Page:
Crude oil futures prices traded higher on the New York market Oct. 14 as US lawmakers reported progress in ongoing efforts toward reaching an agreement to reopen the federal government and to avoid a potential debt crisis.
US Senate Majority Leader Harry Reid (D-Nev.) said late Oct. 14 that “tremendous progress” was made toward reopening the government at existing spending levels until Jan. 15, 2014, and to extend the federal borrowing limit until early February from an Oct. 17 deadline.
The US Energy Information Administration has closed, halting publication of its weekly oil inventory statistics. But the American Petroleum Institute was expected on Oct. 16 to release its weekly report on US inventories for the week ended Oct. 11.
Elsewhere, world oil markets monitored talks between Iran and major Western powers in Geneva over Iran’s nuclear program. Saying Iran intends to develop nuclear power, not nuclear weapons, Iranian officials were scheduled to meet with representatives of the United Nations Security Council Oct. 15-16.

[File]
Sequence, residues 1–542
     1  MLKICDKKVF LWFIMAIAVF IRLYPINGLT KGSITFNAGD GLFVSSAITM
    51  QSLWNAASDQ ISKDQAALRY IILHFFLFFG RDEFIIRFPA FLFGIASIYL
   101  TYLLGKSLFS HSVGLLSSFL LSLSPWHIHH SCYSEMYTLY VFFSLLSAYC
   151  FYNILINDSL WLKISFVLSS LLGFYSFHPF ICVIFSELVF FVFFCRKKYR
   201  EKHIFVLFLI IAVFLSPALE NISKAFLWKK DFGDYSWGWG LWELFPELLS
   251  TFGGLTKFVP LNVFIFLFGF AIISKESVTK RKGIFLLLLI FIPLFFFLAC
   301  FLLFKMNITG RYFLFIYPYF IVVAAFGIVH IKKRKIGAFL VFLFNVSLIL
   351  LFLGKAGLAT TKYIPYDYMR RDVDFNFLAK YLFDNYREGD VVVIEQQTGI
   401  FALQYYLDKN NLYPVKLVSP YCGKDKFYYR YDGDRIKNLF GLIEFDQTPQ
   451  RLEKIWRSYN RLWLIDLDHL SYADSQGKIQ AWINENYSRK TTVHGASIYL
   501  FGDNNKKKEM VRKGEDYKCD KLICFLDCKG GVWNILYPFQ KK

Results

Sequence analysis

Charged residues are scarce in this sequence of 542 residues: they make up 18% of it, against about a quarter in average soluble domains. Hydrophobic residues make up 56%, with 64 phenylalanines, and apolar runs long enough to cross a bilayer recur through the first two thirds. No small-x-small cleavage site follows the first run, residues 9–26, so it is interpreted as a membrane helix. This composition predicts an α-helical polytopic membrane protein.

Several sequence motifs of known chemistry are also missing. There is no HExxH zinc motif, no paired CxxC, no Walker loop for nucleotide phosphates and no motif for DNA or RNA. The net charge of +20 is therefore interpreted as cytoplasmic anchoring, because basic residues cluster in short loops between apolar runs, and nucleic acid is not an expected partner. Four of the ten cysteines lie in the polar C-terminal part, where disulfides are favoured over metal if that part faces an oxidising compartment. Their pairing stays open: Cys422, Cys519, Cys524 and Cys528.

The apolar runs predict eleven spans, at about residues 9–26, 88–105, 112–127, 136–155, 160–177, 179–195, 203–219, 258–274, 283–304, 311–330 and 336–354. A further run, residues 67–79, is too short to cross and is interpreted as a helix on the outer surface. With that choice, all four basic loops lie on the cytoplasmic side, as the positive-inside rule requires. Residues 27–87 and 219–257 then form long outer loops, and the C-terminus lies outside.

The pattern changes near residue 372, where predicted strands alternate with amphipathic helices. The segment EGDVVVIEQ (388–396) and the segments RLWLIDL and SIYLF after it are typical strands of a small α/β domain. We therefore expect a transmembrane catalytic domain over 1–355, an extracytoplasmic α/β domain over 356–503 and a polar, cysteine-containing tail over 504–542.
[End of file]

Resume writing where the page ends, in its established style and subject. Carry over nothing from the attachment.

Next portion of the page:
Any change in international sanctions against Iran likely would pressure oil prices downward, analysts said. In the last 2 years, Saudi Arabia has increased production to fill the gap created by the decline in Iranian oil exports.
The NYMEX November crude contract gained 39¢ on Oct. 14, settling at $102.41/bbl. The December contract gained 42¢ to $102.48/bbl.
Heating oil for November delivery held steady at a rounded $3.03/gal on NYMEX. Reformulated gasoline stock for oxygenate blending for November also held at a rounded $2.67/gal.
The November natural gas contract was up 4.4¢ to $3.82/MMbtu on NYMEX. The December gas contract settled at a rounded $3.97/MMbtu, up 3.7¢. On the US spot market, the gas price at Henry Hub, La., was $3.80/MMbtu, up 6.7¢.
In London, the November IPE contract for North Sea Brent crude fell 24¢ to settle at $111.04/bbl. The December contract for Brent fell 18¢ to $110.24/bbl. The November contract for ICE gas oil slipped $2 to $931.50/tonne.
The Oct. 14 price for the Organization of Petroleum Exporting Countries basket of 12 benchmark crudes was unavailable on Oct. 15 because the OPEC Secretariat was closed.
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